John 8:32 "Then you will know the truth, and the truth will set you free." NIV

Wednesday, August 31, 2011


Several DCTRI peeps competed in the Louisville IM this past Sunday. I stalked them on line all day (yeah, it takes all day to complete one of those things). At one point, one of the guys did not have times recording for him and his T2 time was almost an hour. I started to worry. Was he okay? Did he get hurt? Up to that point, he was ROCKING. I mean seriously like a 1:24 on the swim, and his cycle speeds were awesome.

We all waited to hear what happened and he posted a very serene reply: "While sad to report that I DNF, J and A  are ironmen in every sense. I'll leave it to them to give their own race reports.  Suffice it to say, they both gutted out a tough course and deserve congratulations."

It got me thinking, even though D did not finish, he was so strong. Certainly qualifies as a IM in my book. All that training that goes in, the heartbreak not to finish - WOW! Gives me an even greater perspective about training and racing.

Whether you are training for your first 5k or racing your 10th marathon, we need to realize that each step we take is on unsteady ground. The tiniest pebble in our path can cause major issues. We are not guaranteed to land that stride pain free.The reason we have training plans to follow is so we can convince our bodies to do what our minds have already determined to do. None of us choose to DNF... most of the time, its our bodies that don't cooperate.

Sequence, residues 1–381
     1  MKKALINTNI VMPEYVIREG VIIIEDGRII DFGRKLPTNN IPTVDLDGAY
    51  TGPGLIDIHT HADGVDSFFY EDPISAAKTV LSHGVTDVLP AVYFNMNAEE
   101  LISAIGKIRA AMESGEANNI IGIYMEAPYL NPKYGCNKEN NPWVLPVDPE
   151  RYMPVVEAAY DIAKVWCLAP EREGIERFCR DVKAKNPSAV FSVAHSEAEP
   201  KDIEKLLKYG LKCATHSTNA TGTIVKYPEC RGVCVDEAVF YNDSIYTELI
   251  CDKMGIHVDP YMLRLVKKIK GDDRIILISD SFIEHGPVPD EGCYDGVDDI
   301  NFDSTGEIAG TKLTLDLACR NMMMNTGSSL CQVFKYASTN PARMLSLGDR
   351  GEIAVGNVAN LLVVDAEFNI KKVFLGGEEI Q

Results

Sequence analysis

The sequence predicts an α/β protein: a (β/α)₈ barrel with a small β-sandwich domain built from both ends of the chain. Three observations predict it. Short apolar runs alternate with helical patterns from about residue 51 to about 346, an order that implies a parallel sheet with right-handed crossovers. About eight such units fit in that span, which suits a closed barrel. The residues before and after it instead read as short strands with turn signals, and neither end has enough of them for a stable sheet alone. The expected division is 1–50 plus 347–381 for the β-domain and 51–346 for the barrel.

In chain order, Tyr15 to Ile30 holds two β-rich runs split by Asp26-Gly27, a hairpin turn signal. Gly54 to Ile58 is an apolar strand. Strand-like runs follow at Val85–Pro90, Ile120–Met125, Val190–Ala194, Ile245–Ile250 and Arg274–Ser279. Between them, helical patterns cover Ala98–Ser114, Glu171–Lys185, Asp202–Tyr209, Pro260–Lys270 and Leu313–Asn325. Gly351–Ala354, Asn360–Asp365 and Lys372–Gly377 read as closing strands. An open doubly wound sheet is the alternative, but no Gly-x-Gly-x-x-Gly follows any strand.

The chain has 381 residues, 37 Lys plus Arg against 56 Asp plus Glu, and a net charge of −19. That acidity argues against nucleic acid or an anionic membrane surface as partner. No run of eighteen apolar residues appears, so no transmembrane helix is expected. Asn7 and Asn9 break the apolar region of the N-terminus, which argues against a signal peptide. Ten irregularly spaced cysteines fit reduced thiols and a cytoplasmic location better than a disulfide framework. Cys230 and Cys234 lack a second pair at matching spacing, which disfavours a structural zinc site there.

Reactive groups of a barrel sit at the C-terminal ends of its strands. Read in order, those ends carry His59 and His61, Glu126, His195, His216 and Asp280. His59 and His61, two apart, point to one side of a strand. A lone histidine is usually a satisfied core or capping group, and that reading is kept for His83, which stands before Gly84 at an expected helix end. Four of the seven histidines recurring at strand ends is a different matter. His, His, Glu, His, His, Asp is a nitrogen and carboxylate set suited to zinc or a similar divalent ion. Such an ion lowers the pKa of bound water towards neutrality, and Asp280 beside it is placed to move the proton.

I stepped wrong on mile 5 of my 8 mile run yesterday... on Milles. There wasn't a pebble and I didn't trip, I just stepped wrong. Typically, if I keep going, the pain subsides, and it did. But after 2 hours in my (zebra print) 3 1/2 heels, it started to hurt again. Yeah, bad decision to wear the heels but my point is, during today's 4 mile run, it still was sore.

I took it slow... I think it was a 9:45 pace. Slow for 4 miles. It doesn't hurt now. I'm thankful. I have 8 tomorrow and 18 on Saturday. I'm nervous. Those 18 miles will be all alone, like my 16 were 2 weeks ago. I plan to listen to my body, not give up and push my body to do things that my brain tells me it can!

As for all of those DNFers out there... to me, starting the race, getting to the start line is what determines how successful you are. Stand up, wipe off the debris that caught you on the way down, and start again!
How have you bounced back from a DNF?


Lisa said...

I had a DNF due to injury....walked off the course and went to urgent care for an xray. It was the right thing to do. I think too many times people think DNF is a failure, when pushing to the end can actually make things worse. If you need to stop, be it on a training run or a race, you need to stop.